The first day of May is “May Day” or “Labour Day” in many countries, but the date’s biggest significance in the Italian city-state of Vatican City is that it’s also the feast of Saint Joseph the Worker.
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Saint Joseph, the husband of Mary and “adoptive father” of the Lord Jesus Christ, is well known to have been a carpenter who supported the holy family through his daily labours. Roman Catholic tradition hails him as a protector and as a model to all men who earn their own and their family’s provisions through work.
Joseph’s example is used as an occasion for the Roman Catholic church to highlight the concept of work, and the fact that the holy family worked for a living is seen as a point of fellowship with most of the world’s families.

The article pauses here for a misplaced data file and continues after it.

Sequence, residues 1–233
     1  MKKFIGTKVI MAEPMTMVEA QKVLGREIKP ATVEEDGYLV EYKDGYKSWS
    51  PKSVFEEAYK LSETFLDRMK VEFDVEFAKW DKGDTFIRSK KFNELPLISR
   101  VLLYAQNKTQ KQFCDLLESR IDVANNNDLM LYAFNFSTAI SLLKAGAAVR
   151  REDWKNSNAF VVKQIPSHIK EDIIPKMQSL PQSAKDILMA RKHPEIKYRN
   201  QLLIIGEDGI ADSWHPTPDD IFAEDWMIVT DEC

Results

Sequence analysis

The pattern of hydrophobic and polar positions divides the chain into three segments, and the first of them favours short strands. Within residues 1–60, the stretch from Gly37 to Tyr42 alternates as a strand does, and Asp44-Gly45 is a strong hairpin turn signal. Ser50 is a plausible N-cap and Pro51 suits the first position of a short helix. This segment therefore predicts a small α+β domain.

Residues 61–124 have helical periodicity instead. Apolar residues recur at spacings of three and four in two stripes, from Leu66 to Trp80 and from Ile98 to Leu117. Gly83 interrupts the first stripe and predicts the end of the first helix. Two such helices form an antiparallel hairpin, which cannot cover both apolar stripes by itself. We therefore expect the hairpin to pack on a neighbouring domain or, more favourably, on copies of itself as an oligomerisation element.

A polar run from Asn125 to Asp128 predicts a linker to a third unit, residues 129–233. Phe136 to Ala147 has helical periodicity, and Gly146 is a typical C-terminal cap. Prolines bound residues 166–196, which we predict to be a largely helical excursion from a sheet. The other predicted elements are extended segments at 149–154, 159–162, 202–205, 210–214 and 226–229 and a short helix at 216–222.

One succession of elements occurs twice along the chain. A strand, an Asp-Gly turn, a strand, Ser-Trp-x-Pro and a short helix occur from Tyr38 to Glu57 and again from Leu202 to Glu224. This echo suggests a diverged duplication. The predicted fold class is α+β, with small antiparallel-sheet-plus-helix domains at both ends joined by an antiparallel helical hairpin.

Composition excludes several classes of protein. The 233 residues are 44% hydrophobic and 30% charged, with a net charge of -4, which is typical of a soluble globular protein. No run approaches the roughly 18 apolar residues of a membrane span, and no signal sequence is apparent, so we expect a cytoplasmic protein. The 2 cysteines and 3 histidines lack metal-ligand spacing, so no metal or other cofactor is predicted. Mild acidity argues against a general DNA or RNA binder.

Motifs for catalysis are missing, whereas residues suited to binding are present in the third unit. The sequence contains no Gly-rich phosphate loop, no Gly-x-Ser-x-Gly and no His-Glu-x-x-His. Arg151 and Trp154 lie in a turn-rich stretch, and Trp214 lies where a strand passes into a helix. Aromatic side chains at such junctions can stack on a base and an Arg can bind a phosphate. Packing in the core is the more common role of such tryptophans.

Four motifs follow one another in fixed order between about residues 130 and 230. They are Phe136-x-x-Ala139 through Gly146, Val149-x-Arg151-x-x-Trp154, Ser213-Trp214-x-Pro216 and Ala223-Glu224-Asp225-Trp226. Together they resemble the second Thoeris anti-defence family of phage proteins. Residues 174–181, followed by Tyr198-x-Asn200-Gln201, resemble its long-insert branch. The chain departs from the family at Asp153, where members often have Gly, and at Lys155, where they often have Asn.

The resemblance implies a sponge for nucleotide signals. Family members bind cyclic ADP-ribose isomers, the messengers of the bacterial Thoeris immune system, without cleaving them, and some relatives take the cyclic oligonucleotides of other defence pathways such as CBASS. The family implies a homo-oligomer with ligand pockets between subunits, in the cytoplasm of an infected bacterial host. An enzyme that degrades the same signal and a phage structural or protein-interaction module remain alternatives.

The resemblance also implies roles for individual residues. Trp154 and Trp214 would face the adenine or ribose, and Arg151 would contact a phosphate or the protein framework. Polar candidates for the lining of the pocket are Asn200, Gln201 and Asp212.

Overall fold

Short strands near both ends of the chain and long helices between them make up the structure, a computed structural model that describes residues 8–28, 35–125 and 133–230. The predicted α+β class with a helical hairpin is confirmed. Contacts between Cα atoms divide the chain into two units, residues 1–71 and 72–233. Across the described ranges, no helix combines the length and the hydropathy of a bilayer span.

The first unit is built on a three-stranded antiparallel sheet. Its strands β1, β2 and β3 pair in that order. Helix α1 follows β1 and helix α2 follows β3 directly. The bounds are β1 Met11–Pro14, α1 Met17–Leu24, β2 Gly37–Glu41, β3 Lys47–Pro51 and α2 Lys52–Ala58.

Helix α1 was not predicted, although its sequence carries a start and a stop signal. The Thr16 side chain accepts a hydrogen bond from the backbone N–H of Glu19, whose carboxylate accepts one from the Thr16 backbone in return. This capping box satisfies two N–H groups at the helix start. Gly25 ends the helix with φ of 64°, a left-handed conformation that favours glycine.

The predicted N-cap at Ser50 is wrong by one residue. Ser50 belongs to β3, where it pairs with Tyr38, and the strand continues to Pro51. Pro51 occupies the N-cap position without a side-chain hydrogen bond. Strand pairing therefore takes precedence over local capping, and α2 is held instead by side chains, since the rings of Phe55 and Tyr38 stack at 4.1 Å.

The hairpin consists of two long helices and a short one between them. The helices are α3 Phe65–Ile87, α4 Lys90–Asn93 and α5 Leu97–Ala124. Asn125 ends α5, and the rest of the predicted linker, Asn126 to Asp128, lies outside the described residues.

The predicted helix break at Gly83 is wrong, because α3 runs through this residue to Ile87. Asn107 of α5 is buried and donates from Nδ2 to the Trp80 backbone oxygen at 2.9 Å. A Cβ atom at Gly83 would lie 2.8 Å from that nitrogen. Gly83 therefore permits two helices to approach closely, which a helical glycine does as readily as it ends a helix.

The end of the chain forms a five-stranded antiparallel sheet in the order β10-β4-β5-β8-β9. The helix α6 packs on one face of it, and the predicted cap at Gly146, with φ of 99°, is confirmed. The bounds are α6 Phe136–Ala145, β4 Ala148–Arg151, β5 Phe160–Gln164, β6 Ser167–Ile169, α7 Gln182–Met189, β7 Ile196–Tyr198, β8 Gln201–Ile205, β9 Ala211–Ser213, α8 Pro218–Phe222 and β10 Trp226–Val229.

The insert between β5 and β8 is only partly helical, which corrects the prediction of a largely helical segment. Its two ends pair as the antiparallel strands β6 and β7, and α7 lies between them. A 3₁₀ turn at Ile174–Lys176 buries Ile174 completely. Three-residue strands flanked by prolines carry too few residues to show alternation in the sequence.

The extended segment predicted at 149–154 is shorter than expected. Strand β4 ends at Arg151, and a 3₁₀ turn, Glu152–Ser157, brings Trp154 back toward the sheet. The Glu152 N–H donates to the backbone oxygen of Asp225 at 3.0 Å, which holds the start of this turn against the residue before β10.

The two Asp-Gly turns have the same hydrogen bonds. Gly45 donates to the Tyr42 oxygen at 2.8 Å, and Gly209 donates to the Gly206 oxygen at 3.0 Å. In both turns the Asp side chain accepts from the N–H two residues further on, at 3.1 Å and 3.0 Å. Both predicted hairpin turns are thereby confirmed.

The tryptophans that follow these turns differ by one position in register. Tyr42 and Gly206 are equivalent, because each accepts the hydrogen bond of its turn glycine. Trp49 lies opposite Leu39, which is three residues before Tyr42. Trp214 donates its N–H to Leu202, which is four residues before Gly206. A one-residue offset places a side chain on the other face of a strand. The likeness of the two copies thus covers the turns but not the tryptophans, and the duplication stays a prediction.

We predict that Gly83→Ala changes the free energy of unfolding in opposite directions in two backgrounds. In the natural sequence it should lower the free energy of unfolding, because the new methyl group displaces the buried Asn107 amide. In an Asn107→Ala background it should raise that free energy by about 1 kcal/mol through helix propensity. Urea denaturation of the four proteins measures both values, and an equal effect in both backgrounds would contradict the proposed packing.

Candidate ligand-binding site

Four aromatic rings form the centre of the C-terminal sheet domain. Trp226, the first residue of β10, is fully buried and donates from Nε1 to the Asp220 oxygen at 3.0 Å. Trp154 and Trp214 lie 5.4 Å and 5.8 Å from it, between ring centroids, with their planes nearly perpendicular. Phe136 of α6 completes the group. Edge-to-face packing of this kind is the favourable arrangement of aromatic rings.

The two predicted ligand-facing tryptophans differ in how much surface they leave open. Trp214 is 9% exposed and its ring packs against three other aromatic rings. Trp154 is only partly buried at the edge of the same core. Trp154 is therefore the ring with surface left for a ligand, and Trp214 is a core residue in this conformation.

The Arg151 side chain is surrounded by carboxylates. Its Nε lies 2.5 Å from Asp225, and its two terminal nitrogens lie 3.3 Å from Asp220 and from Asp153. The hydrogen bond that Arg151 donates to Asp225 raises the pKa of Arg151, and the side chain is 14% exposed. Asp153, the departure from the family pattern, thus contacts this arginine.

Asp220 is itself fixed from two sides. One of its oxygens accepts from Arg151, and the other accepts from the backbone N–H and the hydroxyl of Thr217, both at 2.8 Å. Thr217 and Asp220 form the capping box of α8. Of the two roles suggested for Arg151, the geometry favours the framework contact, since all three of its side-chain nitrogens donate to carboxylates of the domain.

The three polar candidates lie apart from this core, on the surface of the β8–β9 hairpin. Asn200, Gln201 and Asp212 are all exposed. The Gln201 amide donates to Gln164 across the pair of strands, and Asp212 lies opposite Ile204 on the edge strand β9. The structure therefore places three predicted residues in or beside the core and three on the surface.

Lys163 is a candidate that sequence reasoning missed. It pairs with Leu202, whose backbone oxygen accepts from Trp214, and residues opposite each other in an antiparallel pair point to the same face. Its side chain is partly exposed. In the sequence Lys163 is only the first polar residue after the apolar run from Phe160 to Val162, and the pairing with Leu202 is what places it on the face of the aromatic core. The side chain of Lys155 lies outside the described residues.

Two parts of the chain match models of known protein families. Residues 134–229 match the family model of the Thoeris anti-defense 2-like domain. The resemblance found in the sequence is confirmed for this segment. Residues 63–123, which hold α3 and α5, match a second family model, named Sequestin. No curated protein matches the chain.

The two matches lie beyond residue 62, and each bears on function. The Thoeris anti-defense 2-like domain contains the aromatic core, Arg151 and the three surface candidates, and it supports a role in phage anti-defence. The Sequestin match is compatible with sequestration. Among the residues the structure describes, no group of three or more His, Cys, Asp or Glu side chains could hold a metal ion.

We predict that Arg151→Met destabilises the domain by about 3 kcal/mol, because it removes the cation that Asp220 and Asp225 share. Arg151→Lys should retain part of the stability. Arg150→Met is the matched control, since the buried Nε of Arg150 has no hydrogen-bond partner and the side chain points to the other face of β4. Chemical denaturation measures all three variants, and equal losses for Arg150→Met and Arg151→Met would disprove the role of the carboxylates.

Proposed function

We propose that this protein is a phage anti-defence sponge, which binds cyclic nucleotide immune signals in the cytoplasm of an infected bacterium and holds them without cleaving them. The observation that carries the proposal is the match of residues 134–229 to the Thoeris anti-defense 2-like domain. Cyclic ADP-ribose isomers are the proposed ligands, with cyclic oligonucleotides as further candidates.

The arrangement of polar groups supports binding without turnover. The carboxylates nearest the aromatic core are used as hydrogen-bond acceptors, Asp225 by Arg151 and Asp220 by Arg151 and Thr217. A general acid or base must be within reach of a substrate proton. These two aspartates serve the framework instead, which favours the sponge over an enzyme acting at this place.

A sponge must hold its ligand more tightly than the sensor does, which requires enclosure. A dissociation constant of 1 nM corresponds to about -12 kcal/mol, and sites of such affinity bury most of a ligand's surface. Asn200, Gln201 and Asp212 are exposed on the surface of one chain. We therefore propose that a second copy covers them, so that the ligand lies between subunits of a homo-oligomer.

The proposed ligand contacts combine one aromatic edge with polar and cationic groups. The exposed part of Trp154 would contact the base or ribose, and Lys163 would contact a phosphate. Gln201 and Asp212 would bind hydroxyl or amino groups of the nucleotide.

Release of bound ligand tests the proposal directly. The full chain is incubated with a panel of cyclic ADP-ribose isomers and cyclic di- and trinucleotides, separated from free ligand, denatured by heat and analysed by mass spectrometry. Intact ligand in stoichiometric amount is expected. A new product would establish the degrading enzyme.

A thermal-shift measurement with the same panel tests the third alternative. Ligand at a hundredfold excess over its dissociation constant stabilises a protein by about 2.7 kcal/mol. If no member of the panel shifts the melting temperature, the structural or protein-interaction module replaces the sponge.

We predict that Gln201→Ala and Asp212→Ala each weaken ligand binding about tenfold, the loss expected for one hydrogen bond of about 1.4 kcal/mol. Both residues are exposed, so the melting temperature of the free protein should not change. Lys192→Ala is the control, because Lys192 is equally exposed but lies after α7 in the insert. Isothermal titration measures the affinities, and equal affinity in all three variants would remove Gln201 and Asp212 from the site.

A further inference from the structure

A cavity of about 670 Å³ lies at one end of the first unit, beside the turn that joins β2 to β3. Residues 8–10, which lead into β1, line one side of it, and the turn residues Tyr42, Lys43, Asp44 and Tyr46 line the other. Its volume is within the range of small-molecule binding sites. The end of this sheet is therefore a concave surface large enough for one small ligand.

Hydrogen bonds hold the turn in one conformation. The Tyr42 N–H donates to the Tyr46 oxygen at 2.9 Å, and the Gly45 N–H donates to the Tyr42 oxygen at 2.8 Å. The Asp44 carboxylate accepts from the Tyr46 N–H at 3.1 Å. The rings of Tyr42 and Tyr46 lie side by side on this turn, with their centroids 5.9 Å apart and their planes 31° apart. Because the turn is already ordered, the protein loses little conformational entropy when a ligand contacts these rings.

The holy day of Saint Joseph the Worker is of relatively recent origin, having been instituted by Pope Pius XII in 1955, and it is still an “optional” memorial. On or near 1 May, the sitting Pope will likely give a speech in Saint Peter’s Square on the topic of Saint Joseph, the dignity of honest labour, and other similar subjects.